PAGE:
March is a fabulous time to visit Florence, as the days grow longer, spring arrives, and the weather turns sunny and pleasant. Summer’s hot muggy days are still far away, and the brisk air of March is ideal for exploring a city of art like Florence.
What’s more, March in Florence is chock full of events! March 8 is International Women’s Day, just one of many events not to be missed.
One of the most anticipated events is the Taste Fair. Now in its 11th year, this top-notch food Festival brings the finest food and wine from all of Italy to be shown at Florence’s Stazione Leopolda. Over 300 companies that make sweets, pasta, cold meats, craft beer, jam, cheese and much more, meet up here for three days from March 12 to March 14, 2016.
Saturday and Sunday morning is limited to professionals, but Sunday afternoon and all day Monday, it is open to everyone who buys a ticket (€20) which lets you freely taste anything inside the fair.
Beyond the tastings, Taste also has food-themed meetings and discussions in the “Ring” area, where cooking products and kitchen utensils are also for sale.
And then there is the proliferation of interesting “Fuoriditaste” events taking place all around town, in many shops, restaurants and unusual locations. Examples include the conference in English at Apicius “Teaching Traditions – No Legal Age for Drinking Culture” with a tasting at Riso Acquerello and Pastificio Fabbri; the tasting of Franciacorta Cuvée Royale Marchesi Antinori paired with Royal caviar at Procacci, and a brunch with the Forchettina Giramondo and Glutenfree bloggers to learn new original recipes at the cooking school MaMa.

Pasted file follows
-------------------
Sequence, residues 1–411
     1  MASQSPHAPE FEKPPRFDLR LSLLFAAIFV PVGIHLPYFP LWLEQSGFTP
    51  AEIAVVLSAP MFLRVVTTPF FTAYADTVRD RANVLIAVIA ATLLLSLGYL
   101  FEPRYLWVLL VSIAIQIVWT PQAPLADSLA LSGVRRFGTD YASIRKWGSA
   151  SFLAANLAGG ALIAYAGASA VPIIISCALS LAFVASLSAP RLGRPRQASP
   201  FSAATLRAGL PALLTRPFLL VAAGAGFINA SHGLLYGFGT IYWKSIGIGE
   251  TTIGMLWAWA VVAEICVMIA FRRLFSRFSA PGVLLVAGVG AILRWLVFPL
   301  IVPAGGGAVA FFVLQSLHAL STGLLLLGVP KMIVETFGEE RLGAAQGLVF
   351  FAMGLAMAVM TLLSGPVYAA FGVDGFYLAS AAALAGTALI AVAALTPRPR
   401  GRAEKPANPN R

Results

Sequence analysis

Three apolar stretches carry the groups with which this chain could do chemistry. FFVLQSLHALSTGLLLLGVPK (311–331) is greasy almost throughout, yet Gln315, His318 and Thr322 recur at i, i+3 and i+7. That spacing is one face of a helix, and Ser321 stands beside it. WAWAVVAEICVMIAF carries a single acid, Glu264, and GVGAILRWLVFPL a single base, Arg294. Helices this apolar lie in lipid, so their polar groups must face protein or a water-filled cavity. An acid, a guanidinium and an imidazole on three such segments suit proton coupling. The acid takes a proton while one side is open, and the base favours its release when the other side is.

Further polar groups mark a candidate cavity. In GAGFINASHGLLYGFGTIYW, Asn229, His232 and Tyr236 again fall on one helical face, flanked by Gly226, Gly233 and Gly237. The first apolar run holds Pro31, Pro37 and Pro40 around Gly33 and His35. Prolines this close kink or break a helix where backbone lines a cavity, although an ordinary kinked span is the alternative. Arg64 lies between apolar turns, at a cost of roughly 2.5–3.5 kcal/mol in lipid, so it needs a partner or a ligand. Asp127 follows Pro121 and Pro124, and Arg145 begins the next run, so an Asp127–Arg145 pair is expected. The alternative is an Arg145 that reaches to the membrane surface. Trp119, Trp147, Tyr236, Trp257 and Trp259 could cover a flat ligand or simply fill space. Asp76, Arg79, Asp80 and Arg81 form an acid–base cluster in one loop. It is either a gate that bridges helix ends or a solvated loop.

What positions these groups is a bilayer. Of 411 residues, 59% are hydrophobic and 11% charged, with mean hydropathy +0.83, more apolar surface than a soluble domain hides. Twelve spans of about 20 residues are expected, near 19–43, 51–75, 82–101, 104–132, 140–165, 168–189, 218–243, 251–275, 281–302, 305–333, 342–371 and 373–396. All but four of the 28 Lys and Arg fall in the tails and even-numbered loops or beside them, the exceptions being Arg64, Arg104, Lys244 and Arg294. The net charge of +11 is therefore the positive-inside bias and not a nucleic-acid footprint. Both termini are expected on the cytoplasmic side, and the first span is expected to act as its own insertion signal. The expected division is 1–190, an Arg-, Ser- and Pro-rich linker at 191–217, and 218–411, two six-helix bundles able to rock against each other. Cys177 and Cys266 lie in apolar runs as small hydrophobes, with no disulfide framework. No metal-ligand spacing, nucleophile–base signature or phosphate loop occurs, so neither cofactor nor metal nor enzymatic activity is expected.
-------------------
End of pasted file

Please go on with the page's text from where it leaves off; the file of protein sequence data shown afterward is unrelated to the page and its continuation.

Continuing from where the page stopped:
Another yearly and ever growing event in Florence is “Irlanda in Festa” celebrating the day of Ireland’s patron Saint Patrick, with music, food and beer from the “Emerald Isle” The date this year is Friday, March 18, 2016 from 7:30 PM at Obi Hall. Live music for dancing!
Another important day closes the month of March: Easter. Famously, on Easter Sunday in Florence there is the “Scoppio del carro” (explosion of the cart) is an age-old folk tradition in our city when a giant cart hauled by oxen goes through the streets the historical center, and stops in front of the Duomo waiting for the “dove” to be lit.
This touches off an explosion of firecrackers and fireworks to mark the ancient tradition of celebrating the success of the farmers’ harvest. If you happen to be in Florence at this time, it’s a truly a spectacle to be seen.
English translation by Miriam Hurley